Belfast (Reuters) – The leader of Sinn Fein in Northern Ireland said the Dublin government must start planning for the possibilty of a referendum that could result in a united Ireland.
Speaking to Reuters ahead of May 5 local elections in the British-run province that could see the nationalist party become the largest in the devolved government for the first time, Michelle O’Neill said she was not “fixated on dates” for the referendum.
But people “know constitutional change is coming” and it was irresponsible of Dublin to “not to be planning at this point”. It could take place before the end of this decade, she said.
Under Northern Ireland’s 1998 Good Friday peace agreement, which largely ended decades of violence between mainly Catholic nationalists seeking to merge with Ireland and Protestant unionists who want to remain part of the United Kingdom, the British government can call a referendum on Irish reunification if a “yes” majority looks likely.
“I think the Irish government’s focus needs to be on planning for constitutional change. There must be a citizen’s assembly,” she said.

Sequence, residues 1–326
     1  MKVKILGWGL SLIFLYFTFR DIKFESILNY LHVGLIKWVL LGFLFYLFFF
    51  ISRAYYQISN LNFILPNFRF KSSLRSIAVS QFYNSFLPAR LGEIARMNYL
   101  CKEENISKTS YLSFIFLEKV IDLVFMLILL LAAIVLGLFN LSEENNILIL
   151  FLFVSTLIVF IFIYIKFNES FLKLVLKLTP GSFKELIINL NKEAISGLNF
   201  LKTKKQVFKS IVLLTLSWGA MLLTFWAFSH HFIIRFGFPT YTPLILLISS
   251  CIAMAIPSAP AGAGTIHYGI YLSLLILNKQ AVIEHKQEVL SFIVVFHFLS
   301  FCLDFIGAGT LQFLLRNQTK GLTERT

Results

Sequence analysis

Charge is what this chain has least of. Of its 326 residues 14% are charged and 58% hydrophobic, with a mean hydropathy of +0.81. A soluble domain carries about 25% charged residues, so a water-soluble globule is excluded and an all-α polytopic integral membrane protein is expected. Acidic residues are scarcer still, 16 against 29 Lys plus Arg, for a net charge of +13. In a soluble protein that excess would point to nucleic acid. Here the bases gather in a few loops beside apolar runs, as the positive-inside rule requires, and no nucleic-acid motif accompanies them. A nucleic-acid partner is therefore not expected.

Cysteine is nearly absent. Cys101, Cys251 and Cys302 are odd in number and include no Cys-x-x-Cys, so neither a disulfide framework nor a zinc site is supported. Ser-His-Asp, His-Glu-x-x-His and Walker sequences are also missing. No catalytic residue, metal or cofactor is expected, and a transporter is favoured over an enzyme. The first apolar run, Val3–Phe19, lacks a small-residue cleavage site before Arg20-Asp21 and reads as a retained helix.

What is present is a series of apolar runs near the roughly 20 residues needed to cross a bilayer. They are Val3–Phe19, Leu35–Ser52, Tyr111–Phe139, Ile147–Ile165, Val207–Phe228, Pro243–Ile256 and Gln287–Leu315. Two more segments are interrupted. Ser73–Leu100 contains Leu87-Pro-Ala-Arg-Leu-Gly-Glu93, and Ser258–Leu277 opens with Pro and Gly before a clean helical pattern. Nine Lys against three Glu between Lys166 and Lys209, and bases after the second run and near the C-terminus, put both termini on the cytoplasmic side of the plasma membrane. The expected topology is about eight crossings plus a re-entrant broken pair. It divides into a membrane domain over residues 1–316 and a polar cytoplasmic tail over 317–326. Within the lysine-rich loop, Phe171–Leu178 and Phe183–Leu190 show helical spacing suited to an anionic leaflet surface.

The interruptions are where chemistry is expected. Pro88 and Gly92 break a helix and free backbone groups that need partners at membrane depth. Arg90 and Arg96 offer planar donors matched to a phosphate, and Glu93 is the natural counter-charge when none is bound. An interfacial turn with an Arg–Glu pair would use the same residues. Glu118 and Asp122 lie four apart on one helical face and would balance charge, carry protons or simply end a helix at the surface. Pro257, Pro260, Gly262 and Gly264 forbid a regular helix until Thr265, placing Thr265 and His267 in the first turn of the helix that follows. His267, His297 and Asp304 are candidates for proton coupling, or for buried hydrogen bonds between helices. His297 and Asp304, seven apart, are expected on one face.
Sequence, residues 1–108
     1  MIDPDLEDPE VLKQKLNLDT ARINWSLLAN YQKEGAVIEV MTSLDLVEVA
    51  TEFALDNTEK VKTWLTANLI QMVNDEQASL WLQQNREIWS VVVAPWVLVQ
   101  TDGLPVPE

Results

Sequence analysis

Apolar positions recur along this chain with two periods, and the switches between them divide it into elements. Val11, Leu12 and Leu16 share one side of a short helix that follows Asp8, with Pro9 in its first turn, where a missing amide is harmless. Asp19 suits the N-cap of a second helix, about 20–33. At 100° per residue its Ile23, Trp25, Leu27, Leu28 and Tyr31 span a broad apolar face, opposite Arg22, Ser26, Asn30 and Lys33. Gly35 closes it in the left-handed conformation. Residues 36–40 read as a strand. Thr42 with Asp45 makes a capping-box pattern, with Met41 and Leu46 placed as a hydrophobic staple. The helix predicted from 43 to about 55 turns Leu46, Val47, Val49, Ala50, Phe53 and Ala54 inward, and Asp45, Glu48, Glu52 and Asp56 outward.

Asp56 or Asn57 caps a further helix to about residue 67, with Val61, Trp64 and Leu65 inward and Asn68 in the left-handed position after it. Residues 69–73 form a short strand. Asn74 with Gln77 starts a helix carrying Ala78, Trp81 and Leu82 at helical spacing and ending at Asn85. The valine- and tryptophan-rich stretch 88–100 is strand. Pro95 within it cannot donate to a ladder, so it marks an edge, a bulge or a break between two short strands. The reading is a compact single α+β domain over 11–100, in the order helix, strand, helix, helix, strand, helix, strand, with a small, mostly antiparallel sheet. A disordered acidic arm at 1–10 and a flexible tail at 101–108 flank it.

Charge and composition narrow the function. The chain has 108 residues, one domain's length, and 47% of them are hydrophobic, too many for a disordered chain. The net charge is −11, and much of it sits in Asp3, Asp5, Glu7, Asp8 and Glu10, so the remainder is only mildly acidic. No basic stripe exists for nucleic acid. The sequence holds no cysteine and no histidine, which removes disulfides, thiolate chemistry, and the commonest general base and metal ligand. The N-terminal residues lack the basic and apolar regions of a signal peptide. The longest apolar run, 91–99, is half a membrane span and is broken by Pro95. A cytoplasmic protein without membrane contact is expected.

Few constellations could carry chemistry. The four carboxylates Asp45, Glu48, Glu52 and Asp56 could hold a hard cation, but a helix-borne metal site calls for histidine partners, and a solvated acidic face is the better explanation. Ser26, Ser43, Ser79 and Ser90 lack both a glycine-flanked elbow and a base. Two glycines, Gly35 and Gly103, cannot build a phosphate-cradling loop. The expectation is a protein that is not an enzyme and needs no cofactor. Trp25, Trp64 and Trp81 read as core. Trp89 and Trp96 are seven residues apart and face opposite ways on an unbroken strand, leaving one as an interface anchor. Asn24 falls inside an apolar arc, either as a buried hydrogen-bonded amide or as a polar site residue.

“We have to have the healthy conversation around what the all-island health service will look like, what does education look like, what does the economy look like.”
Britain’s departure from the European Union has also raised questions about Northern Ireland’s future and its border with EU member Ireland.
O’Neill said that although the prospect of a referendum was a talking point on the doorsteps, people were also very concerned about the cost of living and the crisis in the health service.
“I don’t see any contradiction in working towards that constitutional change and trying to convince people of something better while also being in the Executive and working with others to deliver on the day to day public services the public want to be focused on.”
A recent poll by The Institute of Irish Studies at the University of Liverpool/The Irish News put support for the party at 27%, extending its lead over the Democratic Unionist Party to almost seven points.
(Writing by Graham Fahy; Editing by Angus MacSwan)